fb-pixel

For Isaiah Stover, the so-called tiny house movement was more than just a hipster trend rejecting a life of excess — it was a solution to Nantucket’s affordable housing crisis. After being forced to move out of a tiny house he was building because it violated the health code, Stover last year successfully petitioned the town to allow construction of dwellings of less than 500 square feet.

With that, Nantucket became the first community in Massachusetts to adopt a zoning code bylaw specifically addressing tiny houses, paving the way for others to explore it as a solution to the statewide housing crunch. “I was so focused on trying to solve our housing issue, but of course that issue is statewide, so it’s a nice ripple effect,” says Stover, 41.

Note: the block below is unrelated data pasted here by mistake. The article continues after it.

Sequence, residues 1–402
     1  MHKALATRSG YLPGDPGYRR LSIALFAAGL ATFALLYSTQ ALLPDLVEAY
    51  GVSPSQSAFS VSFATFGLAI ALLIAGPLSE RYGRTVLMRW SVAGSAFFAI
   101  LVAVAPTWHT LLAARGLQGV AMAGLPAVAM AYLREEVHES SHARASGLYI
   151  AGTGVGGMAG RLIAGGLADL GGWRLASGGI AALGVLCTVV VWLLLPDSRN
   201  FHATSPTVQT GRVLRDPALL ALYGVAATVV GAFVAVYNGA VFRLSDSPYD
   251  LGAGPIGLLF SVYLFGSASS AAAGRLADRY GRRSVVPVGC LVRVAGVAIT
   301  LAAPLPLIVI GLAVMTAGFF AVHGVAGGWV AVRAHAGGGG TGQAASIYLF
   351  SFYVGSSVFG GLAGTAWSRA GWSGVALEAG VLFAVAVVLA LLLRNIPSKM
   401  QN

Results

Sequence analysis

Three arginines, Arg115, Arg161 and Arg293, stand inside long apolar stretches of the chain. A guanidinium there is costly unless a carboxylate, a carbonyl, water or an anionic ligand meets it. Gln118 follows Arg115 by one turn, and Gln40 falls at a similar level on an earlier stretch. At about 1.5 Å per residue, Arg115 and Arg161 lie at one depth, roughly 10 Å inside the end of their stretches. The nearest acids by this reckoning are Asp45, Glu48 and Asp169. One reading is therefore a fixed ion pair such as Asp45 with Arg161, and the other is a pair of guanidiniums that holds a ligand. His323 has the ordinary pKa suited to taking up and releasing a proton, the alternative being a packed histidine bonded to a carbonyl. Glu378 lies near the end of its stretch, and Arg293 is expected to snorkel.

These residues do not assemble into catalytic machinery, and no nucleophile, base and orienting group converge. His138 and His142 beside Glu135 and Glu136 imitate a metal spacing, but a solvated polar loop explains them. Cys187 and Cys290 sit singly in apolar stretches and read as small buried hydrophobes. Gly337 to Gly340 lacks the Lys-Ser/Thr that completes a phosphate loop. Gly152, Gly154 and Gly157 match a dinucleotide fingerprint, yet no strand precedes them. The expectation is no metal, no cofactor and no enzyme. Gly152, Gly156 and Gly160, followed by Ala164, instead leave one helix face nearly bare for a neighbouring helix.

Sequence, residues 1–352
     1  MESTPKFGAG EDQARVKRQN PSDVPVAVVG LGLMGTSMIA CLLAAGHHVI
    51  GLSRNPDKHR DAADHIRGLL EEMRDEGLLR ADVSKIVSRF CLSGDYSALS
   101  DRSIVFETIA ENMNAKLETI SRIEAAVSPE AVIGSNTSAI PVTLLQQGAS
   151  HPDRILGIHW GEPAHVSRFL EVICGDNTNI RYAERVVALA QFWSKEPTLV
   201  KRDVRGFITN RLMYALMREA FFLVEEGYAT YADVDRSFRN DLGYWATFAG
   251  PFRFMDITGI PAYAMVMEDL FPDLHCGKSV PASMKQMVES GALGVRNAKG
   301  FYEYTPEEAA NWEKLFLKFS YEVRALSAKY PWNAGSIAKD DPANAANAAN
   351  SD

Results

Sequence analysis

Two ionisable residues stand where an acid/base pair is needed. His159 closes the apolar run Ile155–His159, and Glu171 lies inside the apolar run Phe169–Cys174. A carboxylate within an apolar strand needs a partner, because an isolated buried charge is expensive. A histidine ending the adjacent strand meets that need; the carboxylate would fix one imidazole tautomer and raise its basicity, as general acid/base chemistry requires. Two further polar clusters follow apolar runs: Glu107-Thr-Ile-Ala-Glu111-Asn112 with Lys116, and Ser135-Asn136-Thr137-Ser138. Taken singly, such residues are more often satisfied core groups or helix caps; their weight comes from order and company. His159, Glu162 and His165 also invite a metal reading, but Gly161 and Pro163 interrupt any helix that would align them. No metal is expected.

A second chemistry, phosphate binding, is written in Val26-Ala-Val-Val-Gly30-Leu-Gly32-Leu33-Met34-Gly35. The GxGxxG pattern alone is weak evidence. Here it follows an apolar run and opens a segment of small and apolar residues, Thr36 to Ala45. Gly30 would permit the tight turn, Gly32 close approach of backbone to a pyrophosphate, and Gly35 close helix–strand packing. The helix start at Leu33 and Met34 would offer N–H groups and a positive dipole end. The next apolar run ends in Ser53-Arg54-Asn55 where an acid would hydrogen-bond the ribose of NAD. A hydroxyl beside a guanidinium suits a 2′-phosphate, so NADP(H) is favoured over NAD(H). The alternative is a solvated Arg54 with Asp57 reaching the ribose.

Advertisement



Tiny houses are also inspiring other changes, as some Nantucket residents have applied to build conventional but smaller structures, says Andrew V. Vorce, the town’s planning director.

Stover, now a newlywed with a newborn and a stepson, has put his own tiny house construction on hold in favor of a traditional home. He still wants to finish building his tiny house, though, and perhaps donate it to an affordable-housing organization.


Katheleen Conti is a Globe staff writer. Send comments to magazine@globe.com. Follow us on Twitter @BostonGlobeMag.